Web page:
The M1 protein of Streptococcus pyogenes triggers an innate uptake mechanism into polarized human endothelial cells.

2.50
Hdl Handle:
http://hdl.handle.net/10033/346847
Title:
The M1 protein of Streptococcus pyogenes triggers an innate uptake mechanism into polarized human endothelial cells.
Authors:
Ochel, Anja; Rohde, Manfred; Chhatwal, Gursharan S; Talay, Susanne R
Abstract:
Serotype M1 Streptococcus pyogenes is a major human pathogen associated with severe invasive diseases causing high morbidity and mortality. In a substantial number of cases, invasive disease develops in previously healthy individuals with no obvious port of entry. This has led to the hypothesis that the source of streptococci in these cases is a transient bacteraemia. This study focuses on the analysis of interaction of tissue-invasive serotype M1 S. pyogenes with human endothelial cells (EC) of the vascular system. We identify the M1 surface protein of S. pyogenes as the EC invasin which is recognised by polarized human blood EC, thereby triggering rapid, phagocytosis-like uptake of streptococci into polarized EC layers. Upon internalization, the M1 S. pyogenes serotype is incorporated into phagosomes which traffic via the endosomal/lysosomal pathway. However, some of the streptococci successfully evade this innate killing process and hereby mediate their escape into the cytoplasm of the host cell. The results of this study demonstrate that blood EC possess an efficient uptake mechanism for serotype M1 S. pyogenes. Despite efficient phagocytosis, streptococcal survival within EC constitutes one potential mechanism which favours intracellular persistence and thus facilitates continuous infection and dissemination from the primary side of infection into deep tissue.
Affiliation:
Helmholtz Centre for infection research, Inhoffenstr. 7, 38124 Braunschweíg, Germany.
Citation:
The M1 protein of Streptococcus pyogenes triggers an innate uptake mechanism into polarized human endothelial cells. 2014, 6 (5):585-96 J Innate Immun
Journal:
Journal of innate immunity
Issue Date:
2014
URI:
http://hdl.handle.net/10033/346847
DOI:
10.1159/000358085
PubMed ID:
24504091
Type:
Article
Language:
en
ISSN:
1662-8128
Appears in Collections:
Publications of Dept. Medizinische Mikrobiologie (MMIK)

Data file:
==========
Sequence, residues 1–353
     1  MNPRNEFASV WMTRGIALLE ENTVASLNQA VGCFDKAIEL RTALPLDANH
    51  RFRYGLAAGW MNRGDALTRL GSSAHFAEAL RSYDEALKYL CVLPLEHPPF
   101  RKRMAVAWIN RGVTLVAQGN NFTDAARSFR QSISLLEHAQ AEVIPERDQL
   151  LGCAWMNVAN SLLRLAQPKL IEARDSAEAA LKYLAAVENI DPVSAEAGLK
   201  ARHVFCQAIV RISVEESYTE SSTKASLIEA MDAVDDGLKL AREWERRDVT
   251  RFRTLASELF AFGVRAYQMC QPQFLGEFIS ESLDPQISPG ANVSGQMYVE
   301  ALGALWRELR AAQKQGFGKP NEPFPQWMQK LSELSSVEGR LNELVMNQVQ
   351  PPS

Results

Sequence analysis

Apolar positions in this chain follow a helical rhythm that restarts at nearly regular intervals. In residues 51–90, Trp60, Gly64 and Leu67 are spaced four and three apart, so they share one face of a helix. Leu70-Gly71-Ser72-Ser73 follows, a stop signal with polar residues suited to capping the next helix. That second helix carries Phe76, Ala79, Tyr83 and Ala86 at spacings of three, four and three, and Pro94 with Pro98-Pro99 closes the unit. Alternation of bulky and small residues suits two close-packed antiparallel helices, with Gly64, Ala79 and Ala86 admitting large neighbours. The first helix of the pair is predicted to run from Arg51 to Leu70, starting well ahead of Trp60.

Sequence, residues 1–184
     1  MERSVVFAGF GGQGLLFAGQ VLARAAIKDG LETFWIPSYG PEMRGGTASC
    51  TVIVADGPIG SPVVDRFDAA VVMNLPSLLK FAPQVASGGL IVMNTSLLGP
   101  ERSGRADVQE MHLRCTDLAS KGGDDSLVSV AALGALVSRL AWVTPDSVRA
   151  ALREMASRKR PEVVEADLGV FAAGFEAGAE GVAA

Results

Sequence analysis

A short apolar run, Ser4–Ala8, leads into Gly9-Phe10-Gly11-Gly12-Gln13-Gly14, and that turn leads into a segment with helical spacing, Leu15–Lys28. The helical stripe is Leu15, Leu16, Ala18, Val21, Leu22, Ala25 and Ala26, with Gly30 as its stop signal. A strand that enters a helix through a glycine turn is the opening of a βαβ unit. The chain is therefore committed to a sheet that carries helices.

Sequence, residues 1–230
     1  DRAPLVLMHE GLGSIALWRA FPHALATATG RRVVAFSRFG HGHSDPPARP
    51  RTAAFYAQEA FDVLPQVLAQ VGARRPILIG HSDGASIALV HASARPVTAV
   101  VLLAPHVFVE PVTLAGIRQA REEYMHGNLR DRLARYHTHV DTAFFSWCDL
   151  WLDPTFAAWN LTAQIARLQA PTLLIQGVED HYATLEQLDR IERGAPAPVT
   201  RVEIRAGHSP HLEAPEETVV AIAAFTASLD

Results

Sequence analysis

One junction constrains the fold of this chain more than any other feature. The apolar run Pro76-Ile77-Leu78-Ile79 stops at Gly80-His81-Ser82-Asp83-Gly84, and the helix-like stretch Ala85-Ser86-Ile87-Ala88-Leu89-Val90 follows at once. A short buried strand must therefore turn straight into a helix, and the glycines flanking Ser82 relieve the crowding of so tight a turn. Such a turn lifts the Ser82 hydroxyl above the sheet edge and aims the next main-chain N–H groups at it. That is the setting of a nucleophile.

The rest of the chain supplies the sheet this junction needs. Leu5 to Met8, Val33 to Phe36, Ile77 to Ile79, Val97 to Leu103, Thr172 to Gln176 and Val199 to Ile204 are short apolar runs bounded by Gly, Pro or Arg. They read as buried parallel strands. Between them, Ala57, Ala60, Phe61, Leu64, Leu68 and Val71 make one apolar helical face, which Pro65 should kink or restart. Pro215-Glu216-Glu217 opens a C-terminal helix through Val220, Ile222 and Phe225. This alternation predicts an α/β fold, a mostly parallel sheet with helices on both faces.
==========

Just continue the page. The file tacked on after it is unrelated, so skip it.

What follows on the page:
Full metadata record

DC FieldValue Language
dc.contributor.authorOchel, Anjaen
dc.contributor.authorRohde, Manfreden
dc.contributor.authorChhatwal, Gursharan Sen
dc.contributor.authorTalay, Susanne Ren
dc.date.accessioned2015-03-18T15:19:41Zen
dc.date.available2015-03-18T15:19:41Zen
dc.date.issued2014en
dc.identifier.citationThe M1 protein of Streptococcus pyogenes triggers an innate uptake mechanism into polarized human endothelial cells. 2014, 6 (5):585-96 J Innate Immunen
dc.identifier.issn1662-8128en
dc.identifier.pmid24504091en
dc.identifier.doi10.1159/000358085en
dc.identifier.urihttp://hdl.handle.net/10033/346847en
dc.description.abstractSerotype M1 Streptococcus pyogenes is a major human pathogen associated with severe invasive diseases causing high morbidity and mortality. In a substantial number of cases, invasive disease develops in previously healthy individuals with no obvious port of entry. This has led to the hypothesis that the source of streptococci in these cases is a transient bacteraemia. This study focuses on the analysis of interaction of tissue-invasive serotype M1 S. pyogenes with human endothelial cells (EC) of the vascular system. We identify the M1 surface protein of S. pyogenes as the EC invasin which is recognised by polarized human blood EC, thereby triggering rapid, phagocytosis-like uptake of streptococci into polarized EC layers. Upon internalization, the M1 S. pyogenes serotype is incorporated into phagosomes which traffic via the endosomal/lysosomal pathway. However, some of the streptococci successfully evade this innate killing process and hereby mediate their escape into the cytoplasm of the host cell. The results of this study demonstrate that blood EC possess an efficient uptake mechanism for serotype M1 S. pyogenes. Despite efficient phagocytosis, streptococcal survival within EC constitutes one potential mechanism which favours intracellular persistence and thus facilitates continuous infection and dissemination from the primary side of infection into deep tissue.en
dc.language.isoenen
dc.titleThe M1 protein of Streptococcus pyogenes triggers an innate uptake mechanism into polarized human endothelial cells.en
dc.typeArticleen
dc.contributor.departmentHelmholtz Centre for infection research, Inhoffenstr. 7, 38124 Braunschweíg, Germany.en
dc.identifier.journalJournal of innate immunityen

Related articles on PubMed

This item is licensed under a Creative Commons License
Creative Commons
All Items in HZI are protected by copyright, with all rights reserved, unless otherwise indicated.